Would you buy

At first glance it was hard to see why (ASX: CRZ) was hit so hard by the federal government’s announcement of a review of FBT (fringe benefit tax) concessions on company cars in salary packages. Opening Wednesday at $9.60, it closed at $9.32 in a flat market, with even an intraday low of $9.10.

You wouldn’t think even a major decline in new car sales from smaller fleet purchases would make that much difference to a company that relies primarily on online sales of mostly used vehicles. After all, it has nearly a quarter of a million of cars for sale on its website. How much impact could this one decision have?

Perhaps the thinking was that if there were less fleet sales, there’d be a trickle-down effect of fewer good quality used cars going into the market. Maybe it was an expression of concern over the overall state of our nation’s vehicle industry, already hit by Ford’s decision to withdraw from manufacturing and banter about what level of manufacturing is domestically sustainable. Not many of the FBT concession company cars are made here anyway.

Or perhaps investors are getting jittery about whether is starting to be overvalued and are looking for an excuse to bring it back to the field. Morningstar puts its intrinsic value at just $7.20 and has a reduce recommendation on it.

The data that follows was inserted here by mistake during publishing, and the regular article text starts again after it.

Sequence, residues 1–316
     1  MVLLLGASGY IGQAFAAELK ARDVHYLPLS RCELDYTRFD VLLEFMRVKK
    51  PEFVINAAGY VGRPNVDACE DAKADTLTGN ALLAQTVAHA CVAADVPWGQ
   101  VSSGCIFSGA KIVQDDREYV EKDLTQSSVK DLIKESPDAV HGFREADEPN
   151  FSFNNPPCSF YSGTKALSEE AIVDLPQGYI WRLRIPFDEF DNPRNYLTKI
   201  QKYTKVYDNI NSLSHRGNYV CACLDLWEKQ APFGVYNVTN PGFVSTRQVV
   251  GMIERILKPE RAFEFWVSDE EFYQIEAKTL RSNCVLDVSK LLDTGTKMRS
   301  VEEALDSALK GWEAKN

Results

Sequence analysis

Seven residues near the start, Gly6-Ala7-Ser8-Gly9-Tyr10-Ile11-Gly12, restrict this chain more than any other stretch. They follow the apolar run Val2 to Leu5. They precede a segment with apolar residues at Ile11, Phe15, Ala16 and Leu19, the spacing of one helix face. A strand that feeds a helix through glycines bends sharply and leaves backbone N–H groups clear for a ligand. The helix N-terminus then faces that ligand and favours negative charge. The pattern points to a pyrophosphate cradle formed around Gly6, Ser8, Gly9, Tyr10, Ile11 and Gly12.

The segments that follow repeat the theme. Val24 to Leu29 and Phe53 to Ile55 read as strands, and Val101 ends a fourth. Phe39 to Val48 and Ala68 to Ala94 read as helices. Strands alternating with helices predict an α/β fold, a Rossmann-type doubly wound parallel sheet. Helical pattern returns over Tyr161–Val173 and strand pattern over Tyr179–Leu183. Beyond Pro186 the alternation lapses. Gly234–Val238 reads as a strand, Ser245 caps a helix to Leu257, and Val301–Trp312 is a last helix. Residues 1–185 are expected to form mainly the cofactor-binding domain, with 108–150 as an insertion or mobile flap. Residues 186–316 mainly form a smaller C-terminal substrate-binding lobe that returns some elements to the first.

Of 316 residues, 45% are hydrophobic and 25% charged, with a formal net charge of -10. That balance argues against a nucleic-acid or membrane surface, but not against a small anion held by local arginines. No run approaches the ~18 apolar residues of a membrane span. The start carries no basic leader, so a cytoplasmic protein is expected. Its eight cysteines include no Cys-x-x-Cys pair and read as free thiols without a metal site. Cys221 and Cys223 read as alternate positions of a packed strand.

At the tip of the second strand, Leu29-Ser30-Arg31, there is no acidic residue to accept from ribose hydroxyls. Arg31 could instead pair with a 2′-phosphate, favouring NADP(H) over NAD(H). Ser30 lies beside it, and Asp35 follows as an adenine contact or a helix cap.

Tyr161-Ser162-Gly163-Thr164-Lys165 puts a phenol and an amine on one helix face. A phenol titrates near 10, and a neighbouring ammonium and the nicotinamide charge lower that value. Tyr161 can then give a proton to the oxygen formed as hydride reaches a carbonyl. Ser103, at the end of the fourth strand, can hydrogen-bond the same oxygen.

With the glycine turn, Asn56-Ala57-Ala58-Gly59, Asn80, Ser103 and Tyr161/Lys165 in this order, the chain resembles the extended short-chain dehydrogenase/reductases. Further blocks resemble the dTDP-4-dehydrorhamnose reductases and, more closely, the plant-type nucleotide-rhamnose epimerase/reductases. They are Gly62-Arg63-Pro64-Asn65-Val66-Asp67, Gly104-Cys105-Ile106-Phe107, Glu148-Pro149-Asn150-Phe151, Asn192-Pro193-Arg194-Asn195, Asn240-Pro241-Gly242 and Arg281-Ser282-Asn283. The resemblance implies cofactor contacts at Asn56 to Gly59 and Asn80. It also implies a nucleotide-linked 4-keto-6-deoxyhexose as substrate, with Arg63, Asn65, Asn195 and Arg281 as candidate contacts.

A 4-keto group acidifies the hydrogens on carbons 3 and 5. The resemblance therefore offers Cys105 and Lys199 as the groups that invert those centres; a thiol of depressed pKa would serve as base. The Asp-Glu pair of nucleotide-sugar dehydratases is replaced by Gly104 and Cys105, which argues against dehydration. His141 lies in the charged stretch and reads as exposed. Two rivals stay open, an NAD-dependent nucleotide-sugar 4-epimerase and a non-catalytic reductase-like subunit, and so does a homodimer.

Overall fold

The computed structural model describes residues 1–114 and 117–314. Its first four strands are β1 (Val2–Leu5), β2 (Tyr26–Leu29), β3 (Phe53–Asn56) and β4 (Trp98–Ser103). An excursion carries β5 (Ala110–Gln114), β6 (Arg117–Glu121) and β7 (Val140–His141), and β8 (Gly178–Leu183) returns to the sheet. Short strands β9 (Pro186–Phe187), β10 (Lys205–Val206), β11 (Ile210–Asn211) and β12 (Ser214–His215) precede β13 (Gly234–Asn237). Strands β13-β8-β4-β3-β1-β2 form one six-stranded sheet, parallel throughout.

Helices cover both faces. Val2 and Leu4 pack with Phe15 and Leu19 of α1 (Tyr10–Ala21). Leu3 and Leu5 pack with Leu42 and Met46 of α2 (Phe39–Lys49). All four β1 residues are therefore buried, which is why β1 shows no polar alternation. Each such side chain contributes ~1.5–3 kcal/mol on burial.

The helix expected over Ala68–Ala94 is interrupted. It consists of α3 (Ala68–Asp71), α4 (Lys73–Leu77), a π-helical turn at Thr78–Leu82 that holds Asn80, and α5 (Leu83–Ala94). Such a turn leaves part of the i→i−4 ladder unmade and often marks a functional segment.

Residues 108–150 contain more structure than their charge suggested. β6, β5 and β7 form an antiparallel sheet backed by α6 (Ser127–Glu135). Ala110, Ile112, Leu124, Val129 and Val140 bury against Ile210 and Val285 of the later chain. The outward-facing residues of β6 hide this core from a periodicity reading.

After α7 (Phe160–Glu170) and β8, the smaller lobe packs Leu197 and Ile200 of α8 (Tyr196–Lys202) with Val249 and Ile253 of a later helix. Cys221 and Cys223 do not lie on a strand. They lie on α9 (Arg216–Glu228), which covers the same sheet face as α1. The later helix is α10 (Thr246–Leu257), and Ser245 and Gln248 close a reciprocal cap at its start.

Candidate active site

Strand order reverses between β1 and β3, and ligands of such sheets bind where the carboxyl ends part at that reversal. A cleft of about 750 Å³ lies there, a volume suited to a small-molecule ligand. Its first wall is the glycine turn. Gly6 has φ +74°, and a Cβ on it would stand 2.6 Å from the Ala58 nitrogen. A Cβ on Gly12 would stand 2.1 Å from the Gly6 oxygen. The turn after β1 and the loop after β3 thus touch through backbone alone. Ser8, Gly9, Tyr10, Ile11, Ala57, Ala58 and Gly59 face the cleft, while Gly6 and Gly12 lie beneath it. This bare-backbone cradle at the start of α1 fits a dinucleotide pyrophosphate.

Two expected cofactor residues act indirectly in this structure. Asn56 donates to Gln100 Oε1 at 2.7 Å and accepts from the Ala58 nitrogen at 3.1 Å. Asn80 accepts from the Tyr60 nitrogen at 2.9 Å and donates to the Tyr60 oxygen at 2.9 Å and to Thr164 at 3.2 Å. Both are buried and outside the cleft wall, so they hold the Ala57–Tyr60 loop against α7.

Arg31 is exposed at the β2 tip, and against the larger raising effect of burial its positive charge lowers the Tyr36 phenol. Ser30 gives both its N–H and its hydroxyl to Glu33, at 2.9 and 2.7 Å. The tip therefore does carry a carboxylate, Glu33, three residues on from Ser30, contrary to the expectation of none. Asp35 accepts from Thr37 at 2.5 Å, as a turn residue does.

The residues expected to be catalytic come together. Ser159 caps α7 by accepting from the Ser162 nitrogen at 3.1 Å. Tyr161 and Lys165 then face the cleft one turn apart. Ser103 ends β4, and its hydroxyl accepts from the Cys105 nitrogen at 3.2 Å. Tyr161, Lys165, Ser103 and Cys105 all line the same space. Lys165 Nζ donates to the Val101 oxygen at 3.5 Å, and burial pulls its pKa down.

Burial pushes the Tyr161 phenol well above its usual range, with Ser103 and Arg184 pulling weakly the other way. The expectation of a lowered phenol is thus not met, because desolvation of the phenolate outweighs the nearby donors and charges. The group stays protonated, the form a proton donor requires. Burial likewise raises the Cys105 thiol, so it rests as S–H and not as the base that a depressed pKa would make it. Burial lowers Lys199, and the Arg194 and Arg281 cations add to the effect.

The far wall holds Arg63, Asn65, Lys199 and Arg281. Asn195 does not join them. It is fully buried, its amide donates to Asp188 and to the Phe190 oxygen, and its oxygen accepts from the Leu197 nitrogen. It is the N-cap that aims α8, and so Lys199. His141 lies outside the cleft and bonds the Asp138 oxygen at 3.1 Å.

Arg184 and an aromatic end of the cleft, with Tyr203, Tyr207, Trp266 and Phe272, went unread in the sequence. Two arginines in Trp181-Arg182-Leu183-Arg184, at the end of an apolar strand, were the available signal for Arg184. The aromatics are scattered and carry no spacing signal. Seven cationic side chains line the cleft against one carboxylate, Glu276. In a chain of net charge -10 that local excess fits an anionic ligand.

Certainly the company is mature and dominant in its market niche and is looking for ways it can continue to grow. It recently signed a binding agreement to acquire 30% of Brazil’s leading motoring website WebMotors for about $89 million. In March it bought 19.9% of iCar Asia, which operates in Indonesia, Malaysia and Thailand, for $13.4 million. More importantly, its chief information officer Ajay Bhatia was reported to have said it was considering offering its technology platform to other companies as it sought to build stakes in overseas markets. reported NPAT up 14% to $37.57 million for the half-year to last December. Revenue was 17% above the same period last year. The stock price quickly came off its late May peak of $10.54, but started steadily rebuilding to hit $10 a little more than a week ago. It was trending down again before Wednesday’s fall and opened Thursday at $9.31.

Foolish takeaway

The top automotive accessory in Brazil might be a bulletproof window, but is not a bulletproof stock. Investors wanting to hitch a ride to its growth story need to do so with caution.

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Motley Fool contributor Andrew Ballard does not own shares in any company mentioned. 

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